A controlled-access highway is a type of highway which has been designed for high-speed vehicular traffic, with all traffic flow and ingress/egress regulated. Common English terms are freeway (in Australia and parts of the United States and Canada), motorway (in the United Kingdom, Ireland and New Zealand) and expressway (some parts of Canada, parts of Chicago, and many Asian countries).
Other similar terms include Interstate and parkway. Some of which may be limited-access highways, although this term can also refer to a class of highway with somewhat less isolation from other traffic.
In countries following Vienna convention, the motorway qualification implies they are forbidden for walking or parking, and reserved for the use of motorized vehicles only.
A controlled-access highway provides an unhindered flow of traffic, with no traffic signals, intersections or property access. They are free of any at-grade crossings with other roads, railways, or pedestrian paths, which are instead carried by overpasses and underpasses across the highway. Entrances and exits to the highway are provided at interchanges by slip roads (ramps), which allow for speed changes between the highway and arterial roads and collector roads. On the controlled-access highway, opposing directions of travel are generally separated by a median strip or central reservation containing a traffic barrier or grass. Elimination of conflicts with other directions of traffic dramatically improves safety and capacity.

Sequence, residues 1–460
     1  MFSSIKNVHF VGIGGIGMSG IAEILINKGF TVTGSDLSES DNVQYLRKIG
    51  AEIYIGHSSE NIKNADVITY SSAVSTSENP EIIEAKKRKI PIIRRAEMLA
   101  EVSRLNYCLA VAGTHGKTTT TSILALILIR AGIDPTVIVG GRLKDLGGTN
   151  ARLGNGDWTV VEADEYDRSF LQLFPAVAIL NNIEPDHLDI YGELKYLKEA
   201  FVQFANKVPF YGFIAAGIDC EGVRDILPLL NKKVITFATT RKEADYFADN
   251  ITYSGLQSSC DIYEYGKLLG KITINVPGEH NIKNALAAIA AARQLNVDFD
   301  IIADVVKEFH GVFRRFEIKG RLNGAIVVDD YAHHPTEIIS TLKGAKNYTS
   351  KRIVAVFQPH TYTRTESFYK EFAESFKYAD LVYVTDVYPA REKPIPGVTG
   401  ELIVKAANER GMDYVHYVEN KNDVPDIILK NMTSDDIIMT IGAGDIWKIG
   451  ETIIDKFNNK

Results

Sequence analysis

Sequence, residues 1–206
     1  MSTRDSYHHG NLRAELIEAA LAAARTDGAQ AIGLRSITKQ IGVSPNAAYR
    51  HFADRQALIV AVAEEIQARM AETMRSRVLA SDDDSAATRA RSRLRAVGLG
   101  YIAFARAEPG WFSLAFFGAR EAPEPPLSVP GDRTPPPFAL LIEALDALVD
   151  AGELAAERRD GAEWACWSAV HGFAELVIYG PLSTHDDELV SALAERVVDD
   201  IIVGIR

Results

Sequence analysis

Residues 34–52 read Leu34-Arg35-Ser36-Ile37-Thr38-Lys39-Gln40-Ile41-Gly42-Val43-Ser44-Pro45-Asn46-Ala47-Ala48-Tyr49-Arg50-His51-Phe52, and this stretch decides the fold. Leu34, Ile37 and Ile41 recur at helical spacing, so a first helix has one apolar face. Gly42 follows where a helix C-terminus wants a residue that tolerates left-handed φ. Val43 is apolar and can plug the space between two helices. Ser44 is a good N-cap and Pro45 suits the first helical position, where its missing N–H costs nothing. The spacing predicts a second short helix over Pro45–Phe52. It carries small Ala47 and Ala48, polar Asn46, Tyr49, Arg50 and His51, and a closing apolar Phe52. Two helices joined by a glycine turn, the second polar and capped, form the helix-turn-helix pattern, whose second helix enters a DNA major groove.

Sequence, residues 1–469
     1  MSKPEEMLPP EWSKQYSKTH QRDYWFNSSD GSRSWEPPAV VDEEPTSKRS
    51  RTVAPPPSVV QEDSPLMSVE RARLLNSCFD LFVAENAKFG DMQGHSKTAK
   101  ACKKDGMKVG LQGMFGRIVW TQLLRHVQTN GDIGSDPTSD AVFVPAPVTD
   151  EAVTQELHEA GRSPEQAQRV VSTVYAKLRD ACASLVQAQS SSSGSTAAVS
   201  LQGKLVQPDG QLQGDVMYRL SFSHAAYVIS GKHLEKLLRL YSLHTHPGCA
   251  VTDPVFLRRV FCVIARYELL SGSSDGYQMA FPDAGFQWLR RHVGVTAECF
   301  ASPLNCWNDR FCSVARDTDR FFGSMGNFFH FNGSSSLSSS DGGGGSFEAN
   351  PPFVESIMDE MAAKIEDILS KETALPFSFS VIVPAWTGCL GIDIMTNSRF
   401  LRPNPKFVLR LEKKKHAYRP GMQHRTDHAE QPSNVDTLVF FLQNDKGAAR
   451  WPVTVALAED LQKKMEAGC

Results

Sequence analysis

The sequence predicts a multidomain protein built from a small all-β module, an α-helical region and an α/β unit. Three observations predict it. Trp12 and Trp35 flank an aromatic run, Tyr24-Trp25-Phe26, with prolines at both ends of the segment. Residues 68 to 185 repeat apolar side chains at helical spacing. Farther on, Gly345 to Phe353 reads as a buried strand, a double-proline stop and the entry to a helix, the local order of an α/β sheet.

Controlled-access highways evolved during the first half of the 20th century. Italy opened its first autostrada in 1924 connecting Milan to Varese (A8). Germany began to build its first 30-kilometre (19 mi) autobahn controlled-access highway without speed limits (then referred to as a dual highway) in 1932 between Cologne and Bonn (now A555). It then rapidly constructed a nationwide system of such roads in anticipation of their use in the Second World War. The first North American freeways (known as parkways) opened in the New York City area in the 1920s. Britain, heavily influenced by the railways, did not build its first motorway, the Preston By-pass (M6), until 1958.
Most technologically advanced nations feature an extensive network of freeways or motorways to provide high-capacity urban travel, or high-speed rural travel, or both. Many have a national-level or even international-level (e.g. European E route) system of route numbering.